Phenotypes Associated With Neurodegeneration: Tracking Amyloid β 

Having established in vitro models of healthy neuronal networks, Jones moved on to discussing some of the phenotypes that are key indicators of neurodegeneration and Alzheimer’s disease. One such phenotype is Amyloid-β (Aβ) production, which has led to a significant volume of research on the amyloid cascade hypothesis of Alzheimer’s disease (Figure 1). Jones elaborated that “beta amyloid accumulation is widely considered to be fundamental to the progression and pathogenesis of Alzheimer’s disease.” The hypothesis holds that Aβ accumulation is key to disease progression: longer forms of Aβ, such as Aβ42, are believed to be the most toxic. Neurons harbouring these mutations exhibit variations in the production of different Aβ species (shown in Figure 1 as differences in Aβ40:Aβ42 or Aβ38:Aβ42 ratios). These altered ratios can be exploited experimentally to identify potential therapeutics that normalise Aβ production.  
 

Altered Aβ peptide production in human stem cell models of Alzheimer's disease.
Figure 1. Altered Aβ peptide production in human stem cell models of Alzheimer’s disease (Moore et al., 2018, Cell Reports). 

This Aβ phenotype is robust and very reproducible, as exemplified by a study aiming to identify new modulators of the pathway, as well as starting points for therapeutics. “To cut a long story very short, 1,200 compounds were screened using the Trisomy 21, or Down Syndrome model.” The results identified a class of compounds, avermectins, that increased relative production of short Aβ peptides, at the expense of longer, potentially more toxic peptides (Brownjohn et al., 2016, Stem Cell Reports). The study also demonstrated that these phenotypes are robust and suitable for screening for neurodegeneration.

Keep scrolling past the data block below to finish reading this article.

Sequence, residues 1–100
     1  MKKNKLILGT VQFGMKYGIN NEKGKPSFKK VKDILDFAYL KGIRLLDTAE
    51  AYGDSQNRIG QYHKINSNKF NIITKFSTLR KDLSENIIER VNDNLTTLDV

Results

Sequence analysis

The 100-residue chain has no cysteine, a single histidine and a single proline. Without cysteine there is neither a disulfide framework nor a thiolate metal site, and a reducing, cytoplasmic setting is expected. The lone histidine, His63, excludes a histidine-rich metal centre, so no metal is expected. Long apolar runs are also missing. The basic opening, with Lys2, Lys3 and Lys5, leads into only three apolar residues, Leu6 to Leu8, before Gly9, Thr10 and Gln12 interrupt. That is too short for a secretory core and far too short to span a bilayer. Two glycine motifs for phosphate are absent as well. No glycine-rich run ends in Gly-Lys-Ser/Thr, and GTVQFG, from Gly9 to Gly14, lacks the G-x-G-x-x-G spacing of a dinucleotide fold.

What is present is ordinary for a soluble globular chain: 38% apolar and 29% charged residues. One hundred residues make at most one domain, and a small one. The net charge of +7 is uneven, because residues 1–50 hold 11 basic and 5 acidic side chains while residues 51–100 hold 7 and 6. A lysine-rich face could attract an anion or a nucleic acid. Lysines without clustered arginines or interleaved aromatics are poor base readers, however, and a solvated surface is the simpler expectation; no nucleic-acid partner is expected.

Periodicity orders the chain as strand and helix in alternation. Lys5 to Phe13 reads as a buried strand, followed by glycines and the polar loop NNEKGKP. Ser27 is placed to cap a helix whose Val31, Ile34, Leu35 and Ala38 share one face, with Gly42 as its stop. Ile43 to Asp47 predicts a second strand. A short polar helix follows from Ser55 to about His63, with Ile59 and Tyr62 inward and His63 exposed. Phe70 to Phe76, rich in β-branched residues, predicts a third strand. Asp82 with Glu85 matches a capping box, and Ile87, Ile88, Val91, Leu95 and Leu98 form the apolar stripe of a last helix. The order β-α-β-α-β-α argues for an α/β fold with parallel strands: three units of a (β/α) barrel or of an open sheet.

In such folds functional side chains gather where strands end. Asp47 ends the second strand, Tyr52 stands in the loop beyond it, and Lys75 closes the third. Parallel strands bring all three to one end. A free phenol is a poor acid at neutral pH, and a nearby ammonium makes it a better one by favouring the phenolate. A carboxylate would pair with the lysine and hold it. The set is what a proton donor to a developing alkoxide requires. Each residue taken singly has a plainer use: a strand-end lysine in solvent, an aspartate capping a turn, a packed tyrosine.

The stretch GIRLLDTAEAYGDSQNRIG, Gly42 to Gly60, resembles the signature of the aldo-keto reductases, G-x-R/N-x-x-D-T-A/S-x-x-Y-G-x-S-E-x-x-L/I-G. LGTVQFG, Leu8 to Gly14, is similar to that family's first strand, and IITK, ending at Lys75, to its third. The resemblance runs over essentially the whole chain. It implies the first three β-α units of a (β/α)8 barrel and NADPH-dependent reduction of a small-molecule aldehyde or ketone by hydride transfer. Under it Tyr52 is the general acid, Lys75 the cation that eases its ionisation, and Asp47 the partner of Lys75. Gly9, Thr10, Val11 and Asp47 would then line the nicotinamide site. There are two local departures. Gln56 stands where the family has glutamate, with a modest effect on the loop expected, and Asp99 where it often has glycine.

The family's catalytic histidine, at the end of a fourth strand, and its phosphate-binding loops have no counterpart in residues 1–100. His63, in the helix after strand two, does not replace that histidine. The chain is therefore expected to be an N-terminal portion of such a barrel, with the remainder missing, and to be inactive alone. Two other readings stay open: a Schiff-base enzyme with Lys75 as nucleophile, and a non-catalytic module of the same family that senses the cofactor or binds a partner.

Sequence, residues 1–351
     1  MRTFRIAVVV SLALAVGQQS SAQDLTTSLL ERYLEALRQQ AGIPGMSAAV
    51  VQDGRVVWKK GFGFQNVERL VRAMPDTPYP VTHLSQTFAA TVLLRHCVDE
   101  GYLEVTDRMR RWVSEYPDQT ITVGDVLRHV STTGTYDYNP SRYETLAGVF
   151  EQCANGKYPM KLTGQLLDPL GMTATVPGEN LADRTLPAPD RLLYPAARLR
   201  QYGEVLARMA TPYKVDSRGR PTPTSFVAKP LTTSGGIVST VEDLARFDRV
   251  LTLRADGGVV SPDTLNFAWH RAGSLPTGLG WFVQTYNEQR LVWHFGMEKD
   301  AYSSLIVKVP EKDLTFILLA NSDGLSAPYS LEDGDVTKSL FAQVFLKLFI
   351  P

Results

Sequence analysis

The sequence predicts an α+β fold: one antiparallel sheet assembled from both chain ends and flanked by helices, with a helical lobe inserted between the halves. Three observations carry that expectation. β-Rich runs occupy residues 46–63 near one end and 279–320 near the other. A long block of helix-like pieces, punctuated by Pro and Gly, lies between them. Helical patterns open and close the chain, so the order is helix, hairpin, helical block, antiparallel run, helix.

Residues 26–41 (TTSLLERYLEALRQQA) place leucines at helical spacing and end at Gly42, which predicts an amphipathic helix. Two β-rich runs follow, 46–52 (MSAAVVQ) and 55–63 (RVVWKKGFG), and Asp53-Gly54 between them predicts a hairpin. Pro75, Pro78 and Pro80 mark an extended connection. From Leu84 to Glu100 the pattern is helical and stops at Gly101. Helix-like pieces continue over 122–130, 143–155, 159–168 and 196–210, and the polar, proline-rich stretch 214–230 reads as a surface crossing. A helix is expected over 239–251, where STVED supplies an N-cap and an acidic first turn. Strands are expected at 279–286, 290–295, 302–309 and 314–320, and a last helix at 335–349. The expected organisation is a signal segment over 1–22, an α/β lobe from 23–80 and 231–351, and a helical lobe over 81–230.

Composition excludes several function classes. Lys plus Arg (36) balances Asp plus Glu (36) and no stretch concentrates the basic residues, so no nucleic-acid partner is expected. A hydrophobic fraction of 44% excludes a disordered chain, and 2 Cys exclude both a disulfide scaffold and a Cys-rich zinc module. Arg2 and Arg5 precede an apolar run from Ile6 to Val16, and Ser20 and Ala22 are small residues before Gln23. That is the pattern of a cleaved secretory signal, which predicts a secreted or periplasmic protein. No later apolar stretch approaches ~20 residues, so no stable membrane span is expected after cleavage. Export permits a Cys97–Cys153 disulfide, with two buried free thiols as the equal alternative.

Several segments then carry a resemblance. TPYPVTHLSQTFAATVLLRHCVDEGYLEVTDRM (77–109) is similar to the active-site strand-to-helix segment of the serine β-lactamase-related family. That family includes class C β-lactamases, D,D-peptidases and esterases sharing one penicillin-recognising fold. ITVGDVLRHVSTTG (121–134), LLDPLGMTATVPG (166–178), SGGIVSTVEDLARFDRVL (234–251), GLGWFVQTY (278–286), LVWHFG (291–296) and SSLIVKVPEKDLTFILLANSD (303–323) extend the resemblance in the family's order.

High Content Imaging for Novel Biomarker Types in Neuroscience

The second cellular phenotype highlighted by Jones reflects endolysosomal dysfunction in Alzheimer’s disease neurons, and can be visualised and quantified using high content imaging. Endosomal and lysosomal systems regulate sorting, recycling, and waste disposal processes of cellular proteins. Dysfunction of these systems has been highlighted as a key early event in the pathogenesis of multiple degenerative diseases in addition to Alzheimer’s, including Parkinson’s and Huntingdon’s. Evidence from post-mortem samples supports this association, with a demonstrated abnormal accumulation of lysosomal dense bodies and autophagic vacuoles in dystrophic neurites (Nixon et al., 2005, J Neuropathol Exp Neurol).  

 APP and PSEN1 mutations disrupt lysosome function in human iPSC-derived neurons.
Figure 2. APP and PSEN1 mutations disrupt lysosome function in human iPSC-derived neurons (Hung & Livesey, 2018, Cell Reports). 

In human iPSC-derived neurons with APP and PSEN1 mutations, accumulation of lysosomes mirrors the observations from post-mortem Alzheimer’s disease brain, and can be quantified using high content imaging (Figure 2). Endolysosomal dysfunction can be analysed and quantified using immunofluorescence and high content imaging. These techniques can identify the accumulation of LAMP1+ lysosomes and p62+ autophagosomes in monogenic Alzheimer’s disease neurons. As Jones describes it, they ‘get stuck’ and cannot continue their maturation. These model systems are amenable to genetic manipulation and are therefore powerful tools for the mechanistic study of neurodegeneration.